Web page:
Regarding your request for clarification regarding “hard” feelings… think little blue pills. (How could I let that one go by?)

  5. jeneane says:

    I learned to leave my yard.

  6. I learned that pie throwing is a good level on which to confront the banality of weevils.

  7. Tree Shapiro says:

    Some of my best friends are Piebald.

    I “like” Kathy. She reminds me of this sassy broad I used to know, dealer down Foxwoods. Some of the guys called her Hands McGee. She was F. A. S. T. fast and had a mouth on her like a fucking sailor.

    When a wiseguy would try and put the make on she could shut ’em down with just one look, snap of her gum like a slap in the face. They would be out of there on the double, tail between their legs like a wounded dingo.

    She’s my kind of babe, spunky. Knows what she wants and knows how to get it. If I still had my little black book, I would put S.L. by her name: Sexy Librarian, Sultry Lady…. I’m sure you can think of some others.

    Put it this way: I wouldn’t say no to a few hands of poker with Kathy Sierra. Gentlemen’s rules.

  8. Aunt Hentic says:

    Brrrrrrrrrr! It’s a cold one up here in Ekalaka this morning! Thermometer on the porch reads 21°, but it feels more like 10 with the wind (which is coming in from the North East according to the rainbow wind sock my daughter made me for xmas). Good morning everyone! I am back inside after venturing down to the coop to collect the morning’s eggs. That Peg is the best layer I have ever had. She must produce 3 times as many eggs as the others. If I could only figure out why I’d be a millionaire. 🙂

    Yes Tree, I love Piebalds too. We have two Paints named Lacy and Tobacco. (I love Lacy and could never give up Tobacco, I always joke.) We are quite active in our (un-official) local APHA meet-ups where we exchange ideas on artificial insemination and look forward to the Snaffle Bit every year. I, like so many other little girls, wanted to be a vet when I was little. But, God laughs when you’re making plans as they say… not that I don’t love my life as it is, but sometimes, you know, you just can’t help wondering what if. What if I did go to Butte or Sioux City instead of staying here in Ekalaka. You know, silly thoughts like those. Anywho.

    Warbonnet Stew

    Also known as “Wahoo” and “Rock Mountain” stews.

    15 lbs stewing beef
    ½ cup flour
    1 tall can evaporated milk
    3 or 4 onions, thinly sliced
    Dumplings as made with 10 cups flour

    Cut beef into 2″ cubes. Dust with flour, pepper and fry, actually sear it, slowly in a Dutch oven, or in Bourgeat’s 8.5 qt. copper and stainless casserole pan, letting it form its own grease. After 15 to 20 minutes add water to almost cover it, cover with lid and move to a low heat. Allow it to cook for about 3 hours. Remove the meat to another pan to keep warm.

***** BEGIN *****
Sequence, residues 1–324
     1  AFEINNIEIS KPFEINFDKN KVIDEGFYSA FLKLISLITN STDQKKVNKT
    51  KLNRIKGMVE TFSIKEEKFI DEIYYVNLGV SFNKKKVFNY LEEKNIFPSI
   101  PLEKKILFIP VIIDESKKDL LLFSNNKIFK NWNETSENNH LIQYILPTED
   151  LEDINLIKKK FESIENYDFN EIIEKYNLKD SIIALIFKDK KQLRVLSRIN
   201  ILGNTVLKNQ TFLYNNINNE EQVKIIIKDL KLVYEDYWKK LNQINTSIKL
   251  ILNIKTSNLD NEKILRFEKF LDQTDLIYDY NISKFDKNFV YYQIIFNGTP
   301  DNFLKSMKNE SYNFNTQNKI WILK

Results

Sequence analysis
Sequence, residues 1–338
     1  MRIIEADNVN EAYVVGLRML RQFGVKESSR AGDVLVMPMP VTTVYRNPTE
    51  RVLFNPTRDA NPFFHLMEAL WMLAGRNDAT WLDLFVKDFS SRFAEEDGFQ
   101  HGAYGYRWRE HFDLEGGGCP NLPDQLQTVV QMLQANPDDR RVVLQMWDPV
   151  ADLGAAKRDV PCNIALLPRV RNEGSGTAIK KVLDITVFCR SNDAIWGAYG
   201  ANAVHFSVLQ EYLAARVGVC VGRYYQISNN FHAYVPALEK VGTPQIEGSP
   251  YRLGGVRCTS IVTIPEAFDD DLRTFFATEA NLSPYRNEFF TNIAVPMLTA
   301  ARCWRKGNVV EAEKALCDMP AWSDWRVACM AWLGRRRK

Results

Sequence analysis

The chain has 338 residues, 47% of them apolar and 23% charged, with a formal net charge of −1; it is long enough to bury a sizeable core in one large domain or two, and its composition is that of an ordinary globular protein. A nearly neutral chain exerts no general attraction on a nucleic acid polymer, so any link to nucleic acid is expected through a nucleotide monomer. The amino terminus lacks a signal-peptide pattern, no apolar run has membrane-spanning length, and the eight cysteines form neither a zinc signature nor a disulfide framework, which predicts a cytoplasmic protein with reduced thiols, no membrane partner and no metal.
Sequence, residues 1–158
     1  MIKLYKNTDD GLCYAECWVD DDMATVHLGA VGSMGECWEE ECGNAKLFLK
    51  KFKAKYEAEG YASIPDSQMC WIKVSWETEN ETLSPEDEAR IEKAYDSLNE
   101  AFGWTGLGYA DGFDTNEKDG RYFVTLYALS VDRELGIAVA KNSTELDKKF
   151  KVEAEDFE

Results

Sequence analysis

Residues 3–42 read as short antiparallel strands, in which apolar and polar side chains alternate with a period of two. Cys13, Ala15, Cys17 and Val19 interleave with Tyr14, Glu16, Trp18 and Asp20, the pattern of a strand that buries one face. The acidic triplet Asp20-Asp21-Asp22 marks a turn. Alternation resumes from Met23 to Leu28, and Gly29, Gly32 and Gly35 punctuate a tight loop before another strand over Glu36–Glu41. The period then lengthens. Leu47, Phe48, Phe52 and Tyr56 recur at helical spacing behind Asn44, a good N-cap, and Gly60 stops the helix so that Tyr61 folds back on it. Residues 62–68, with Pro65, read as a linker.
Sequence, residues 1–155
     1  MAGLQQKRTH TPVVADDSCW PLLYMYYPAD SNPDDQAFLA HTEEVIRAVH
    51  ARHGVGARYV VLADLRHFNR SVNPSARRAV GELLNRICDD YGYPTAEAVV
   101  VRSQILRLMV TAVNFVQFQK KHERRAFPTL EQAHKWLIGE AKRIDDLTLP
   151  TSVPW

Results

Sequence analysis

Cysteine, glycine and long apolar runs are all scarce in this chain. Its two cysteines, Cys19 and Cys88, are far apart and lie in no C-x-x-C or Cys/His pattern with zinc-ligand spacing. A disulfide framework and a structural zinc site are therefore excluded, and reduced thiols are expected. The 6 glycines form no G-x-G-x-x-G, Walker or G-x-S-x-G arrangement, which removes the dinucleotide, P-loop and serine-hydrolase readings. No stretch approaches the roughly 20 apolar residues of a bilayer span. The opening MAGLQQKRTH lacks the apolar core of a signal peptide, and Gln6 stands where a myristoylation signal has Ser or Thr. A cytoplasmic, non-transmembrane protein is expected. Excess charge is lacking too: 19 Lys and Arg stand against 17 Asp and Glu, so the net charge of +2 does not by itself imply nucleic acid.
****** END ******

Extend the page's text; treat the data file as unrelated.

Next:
Blend the flour with the canned milk and add it to the liquid in the first pan. You should now have about 4″ light gravy. Season the gravy to taste.

    Add the onions and allow them to cook for a few minutes while the dumplings are being mixed. (Dumpling dough should be very pasty.)

    When dumplings are mixed, dip a large spoon in the hot gravy and with the gravy covered spoon cut a generous portion of the dough with it and immerse the spoon in the gravy pan. Tap the laden spoon on the bottom of the gravy pan until the dumpling is released. Repeat the process, dipping the spoon each time and immersing the dough into the pan again. When the pot seems full of dumplings, go ahead and poke the spoon through to the bottom and keep it up until the dough is all used. Cover and steam slowly for 15 minutes. The dumplings will rise very high and quite likely push up the lid of the pan. You will now have a pot full of dumplings top to bottom, all gravy disappeared!

    Some old-time camp cooks attribute the name “Warbonnet Stew” to the bursting spread of dumplings which could be likened to an Indian’s headdress, but one said this was too fanciful, that it was merely a favorite recipe of a cook working on the old Warbonnet ranch in Montana’s Little Rockies. Men in the southern ranges called it “Rocky Mountain” because it was a favorite in the northern mountain regions; “Wahoo”, apparently a cowboy’s expression of pure delight. A large helping of the beef stew with a dumpling on top, big as two fists, was as good a dish as a cook wagon ever offered.

    Camp Dumplings for Warbonnet Stew

    Self-rising flour

    The common quick camp dumplings are made without shortening. Merely mix water with the self-rising flour to form a sticky dough and spoon this into the boiling gravy.

    Have a good one! 🙂

  9. madame l says:

    Seen. And raise you one “I’m afraid to leave my Yardie“.